Xerophyte (drought resistant)Condition on the foreshore is harsh, saline, windy and arid, due to the presence of the permeable sand.Two most common species: Sea couch and Marram grass
Sea couch store water in its succulent leaves

Marram has deep tap roots


Salt marshes


Mangrove swamps are the areas of vegetation found along sheltered tropical coastlines and estuaries between 32 °N and 38 °S where there is a large area between high and low watermark. They are made up of different species of evergreen mangrove trees and other plants. Mangroves need to live in salty water as they are halophytes. They only grow in areas where the temperature remains above 20 °C and the seasonal temperature range should not exceed 5 °C. The areas where they grow should be calm with no strong waves or tidal currents. Mangrove trees are able to withstand being covered twice a day by saltwater. They have specially adapted aerial and salt filtering roots and salt excreting leaves that enable them to occupy the wetlands where other plants cannot survive. They prop the tree up with their prop roots and take in oxygen at low tide with their aerial roots. Mangroves are the home to a diverse number of species including fish, birds, frogs, snakes, insects and crocodiles. Mammals also live in these areas, ranging from small animals like swamp rats and monkeys to large carnivores like tigers. (Mangroves protect coastlines from erosion by acting as a natural barrier and flood defence).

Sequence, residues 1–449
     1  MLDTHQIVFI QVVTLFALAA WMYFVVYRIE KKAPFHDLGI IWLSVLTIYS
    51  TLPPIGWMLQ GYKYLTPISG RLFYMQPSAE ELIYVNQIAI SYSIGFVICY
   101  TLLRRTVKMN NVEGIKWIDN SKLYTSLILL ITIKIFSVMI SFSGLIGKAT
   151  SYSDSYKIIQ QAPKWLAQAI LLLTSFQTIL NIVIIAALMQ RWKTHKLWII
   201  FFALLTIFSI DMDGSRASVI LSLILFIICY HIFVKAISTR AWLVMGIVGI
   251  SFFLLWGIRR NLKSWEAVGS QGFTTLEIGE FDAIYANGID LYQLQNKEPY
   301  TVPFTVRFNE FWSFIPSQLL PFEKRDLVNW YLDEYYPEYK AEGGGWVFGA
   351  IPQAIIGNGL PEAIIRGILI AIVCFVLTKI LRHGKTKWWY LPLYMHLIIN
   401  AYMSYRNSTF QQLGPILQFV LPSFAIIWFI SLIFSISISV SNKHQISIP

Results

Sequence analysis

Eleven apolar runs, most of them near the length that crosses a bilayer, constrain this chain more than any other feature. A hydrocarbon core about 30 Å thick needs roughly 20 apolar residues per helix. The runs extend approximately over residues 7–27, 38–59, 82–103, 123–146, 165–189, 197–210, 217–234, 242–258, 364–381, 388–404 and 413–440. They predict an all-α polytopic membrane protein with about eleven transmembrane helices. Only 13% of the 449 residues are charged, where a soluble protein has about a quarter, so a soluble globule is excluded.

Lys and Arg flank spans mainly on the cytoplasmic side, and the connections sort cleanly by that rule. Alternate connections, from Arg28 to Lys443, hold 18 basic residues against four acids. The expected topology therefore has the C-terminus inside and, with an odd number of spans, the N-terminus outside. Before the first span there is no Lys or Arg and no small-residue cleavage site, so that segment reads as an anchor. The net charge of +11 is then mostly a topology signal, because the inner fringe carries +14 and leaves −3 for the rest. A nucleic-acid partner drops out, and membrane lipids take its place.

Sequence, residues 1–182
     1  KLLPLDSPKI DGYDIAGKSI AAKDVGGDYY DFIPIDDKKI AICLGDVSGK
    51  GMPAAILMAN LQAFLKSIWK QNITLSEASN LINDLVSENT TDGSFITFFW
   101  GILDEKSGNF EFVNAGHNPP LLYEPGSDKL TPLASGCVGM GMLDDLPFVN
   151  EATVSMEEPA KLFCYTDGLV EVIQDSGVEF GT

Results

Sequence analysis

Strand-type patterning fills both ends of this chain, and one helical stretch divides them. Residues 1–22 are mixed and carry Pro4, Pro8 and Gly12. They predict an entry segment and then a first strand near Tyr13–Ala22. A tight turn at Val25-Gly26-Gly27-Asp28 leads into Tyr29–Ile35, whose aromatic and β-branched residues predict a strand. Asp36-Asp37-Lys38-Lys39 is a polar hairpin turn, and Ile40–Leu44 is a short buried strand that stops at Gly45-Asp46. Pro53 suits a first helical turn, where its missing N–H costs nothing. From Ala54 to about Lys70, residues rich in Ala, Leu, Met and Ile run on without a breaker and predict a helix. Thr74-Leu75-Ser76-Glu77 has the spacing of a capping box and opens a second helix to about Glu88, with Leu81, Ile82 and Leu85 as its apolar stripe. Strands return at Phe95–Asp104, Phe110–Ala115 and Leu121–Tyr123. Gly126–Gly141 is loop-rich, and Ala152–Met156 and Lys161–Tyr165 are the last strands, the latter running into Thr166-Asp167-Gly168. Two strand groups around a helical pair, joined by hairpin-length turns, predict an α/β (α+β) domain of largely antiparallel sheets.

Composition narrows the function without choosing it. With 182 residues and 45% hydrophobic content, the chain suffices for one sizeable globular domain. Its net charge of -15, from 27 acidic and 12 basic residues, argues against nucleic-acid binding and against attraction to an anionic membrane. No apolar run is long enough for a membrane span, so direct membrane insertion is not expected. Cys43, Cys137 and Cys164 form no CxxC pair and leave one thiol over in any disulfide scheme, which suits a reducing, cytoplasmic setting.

Gazi Bay Mangrove forest


Salt tolerant-evergreen- halophytes
Need temperature more than 20 degree C
Low seasonal temperature range
Clam water and no strong tidal currents
Tropical salt marshes and sheltered bay
Aerial and Prop roots
Unique ecosystem with diverse number of species

Characteristics of the Mangrove Vegetation

Salt tolerant-evergreen- halophytes
Grow only in areas with temperature more than 20 degree C
Seasonal temperature range should not exceed 5 degree C
Mangrove needs clam water and can not grow in areas of strong tidal currents
Ideal location are tropical salt marshes and sheltered bays
Develop Aerial and Prop roots to support growth in muddy-tidal water and to take oxygen directly from the air at low tide.
Have unique ecosystem with diverse number of species

Case Study: Mangrove forest at the Gaza bay in Kenya

Importance of mangrove vegetation

Characteristics of the Mangroves

Coastal Management

Hard Engineering*Soft Engineering*
Building artificial structures such as sea wall, Groynes, rock armor aimed at controlling natural processes
Trying to win over the forces of nature
Immediate solution to protect high value properties
Very costly and may have adverse environmental impact
A suitable approach to manage the coast without using artificial structure. For example, beach nourishment
Try to fit in and work with the natural processes
Often low maintenance cost – both economically and environmentally
Managed retreat or coastal realignment:
Allowing controlled flooding of low lying coastal areas where the value of land is low

Why coastal engineering is important?

Groynes and Sea walls

Coastal engineering course

Forms/ways of coastal managementMethodsEvaluation: AdvantagesEvaluation: Weaknesses 
Hard Engineering structures